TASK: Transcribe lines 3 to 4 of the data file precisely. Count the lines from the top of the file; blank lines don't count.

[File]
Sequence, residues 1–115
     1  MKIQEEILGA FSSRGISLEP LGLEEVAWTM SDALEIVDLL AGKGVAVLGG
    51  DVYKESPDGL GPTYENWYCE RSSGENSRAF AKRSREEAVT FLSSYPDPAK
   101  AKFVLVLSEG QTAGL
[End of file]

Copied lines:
    51  DVYKESPDGL GPTYENWYCE RSSGENSRAF AKRSREEAVT FLSSYPDPAK
   101  AKFVLVLSEG QTAGL